Submitted to: Plant and Animal Genome Conference
Publication Type: Abstract Only
Publication Acceptance Date: 10/31/2003
Publication Date: 1/18/2004
Citation: Yu, J., Kohel, R.J., Zhang, H., Stelly, D.M., Xu, Z., Dong, J., Covaleda, L., Lee, M., Cui, P., Lazo, G.R., Gupta, P., Ding, K. 2004. Toward an integrated physical and genetic map of the cultivated allotetraploid cotton genome [abstract]. Plant and Animal Genome Conference XII. Paper No. W147. Interpretive Summary:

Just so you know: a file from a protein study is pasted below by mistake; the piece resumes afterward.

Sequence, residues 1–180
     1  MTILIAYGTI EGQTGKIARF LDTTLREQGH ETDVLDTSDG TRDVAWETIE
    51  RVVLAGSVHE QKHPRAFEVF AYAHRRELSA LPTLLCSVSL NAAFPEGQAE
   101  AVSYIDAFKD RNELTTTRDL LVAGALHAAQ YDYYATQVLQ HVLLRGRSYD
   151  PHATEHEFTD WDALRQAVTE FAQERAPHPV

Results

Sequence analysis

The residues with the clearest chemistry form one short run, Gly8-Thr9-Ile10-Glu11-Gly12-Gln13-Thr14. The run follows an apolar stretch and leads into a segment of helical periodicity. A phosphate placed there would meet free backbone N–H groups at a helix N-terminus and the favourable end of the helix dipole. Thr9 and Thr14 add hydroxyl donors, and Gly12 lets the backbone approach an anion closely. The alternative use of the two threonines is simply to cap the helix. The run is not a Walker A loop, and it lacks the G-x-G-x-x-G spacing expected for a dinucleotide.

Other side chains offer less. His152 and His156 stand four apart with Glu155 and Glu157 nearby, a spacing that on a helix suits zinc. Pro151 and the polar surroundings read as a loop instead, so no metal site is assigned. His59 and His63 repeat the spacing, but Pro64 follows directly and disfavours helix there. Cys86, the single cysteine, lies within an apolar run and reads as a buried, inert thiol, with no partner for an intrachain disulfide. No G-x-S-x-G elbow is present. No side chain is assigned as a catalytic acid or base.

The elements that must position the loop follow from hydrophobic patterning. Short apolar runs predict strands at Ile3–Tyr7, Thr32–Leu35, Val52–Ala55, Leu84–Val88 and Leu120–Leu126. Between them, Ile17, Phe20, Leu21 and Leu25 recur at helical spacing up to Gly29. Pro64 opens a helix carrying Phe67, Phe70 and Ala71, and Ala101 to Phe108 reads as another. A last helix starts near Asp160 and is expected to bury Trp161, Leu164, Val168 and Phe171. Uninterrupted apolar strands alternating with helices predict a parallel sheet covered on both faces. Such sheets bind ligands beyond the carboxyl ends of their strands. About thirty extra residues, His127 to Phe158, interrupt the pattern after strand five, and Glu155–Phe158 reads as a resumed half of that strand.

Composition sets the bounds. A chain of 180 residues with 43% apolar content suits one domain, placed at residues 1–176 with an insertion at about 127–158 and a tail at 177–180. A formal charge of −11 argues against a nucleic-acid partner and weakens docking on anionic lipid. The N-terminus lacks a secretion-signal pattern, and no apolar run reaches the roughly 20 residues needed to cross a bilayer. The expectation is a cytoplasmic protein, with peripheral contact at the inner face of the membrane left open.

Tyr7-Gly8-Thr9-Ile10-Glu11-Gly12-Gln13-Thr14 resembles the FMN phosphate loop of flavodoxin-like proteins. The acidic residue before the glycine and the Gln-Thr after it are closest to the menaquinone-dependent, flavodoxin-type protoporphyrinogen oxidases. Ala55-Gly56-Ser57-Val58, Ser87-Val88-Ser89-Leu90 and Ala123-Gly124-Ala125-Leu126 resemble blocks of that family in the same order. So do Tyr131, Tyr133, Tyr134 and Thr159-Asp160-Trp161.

Technical Abstract: Integrated infrastructure and genomic tools are needed by the research community to advance basic and applied research in cotton and other polyploid crops. We are developing an integrated physical and genetic map of the cultivated allotetraploid cotton (AD1 genome) by use of three complementary large-insert BAC and BIBAC libraries that were constructed from TM-1, the genetic standard of Upland cottons and a recombinant inbred (RI) population of TM-1 and 3-79, the genetic standard of extra long staple cottons. Approximately 100,000 TM-1 BAC/BIBAC clones have been fingerprinted and the fingerprints are assembled into 5,646 physical contigs. In addition, approximately 2,000 cotton SSR loci have been isolated from the above TM-1 BAC clones/contigs. Forward and reverse primers have been designed from the flanking sequence of the SSR loci and they are used to screen for polymorphism information content (PIC) values on a standardized cotton panel that consists of 12 diverse genotypes. BAC-derived SSR markers that show a polymorphism between TM-1 and 3-79 are being mapped on the permanent RI population. Such markers facilitate an integration of physical and genetic mapping information. Molecular cytogenetic markers are also being developed from the TM-1 BAC clones/contigs to assist in the map integration. Subgenomic origins (A or D) of the cotton contigs are derived with sub-genome based hybridization; representational difference analysis (RDA); and sub-genome specific DNA markers. Cotton BAC clones, SSR primers, and related information have been delivered to the cotton research community through CottonDB that is incorporating new bioinformatic tools. An integrated physical and genetic map of the cultivated allotetraploid cotton will accelerate gene discovery and utilization from cotton germplasm, and facilitate studies of gene duplication, distribution, and interaction in many polyploid crop genomes.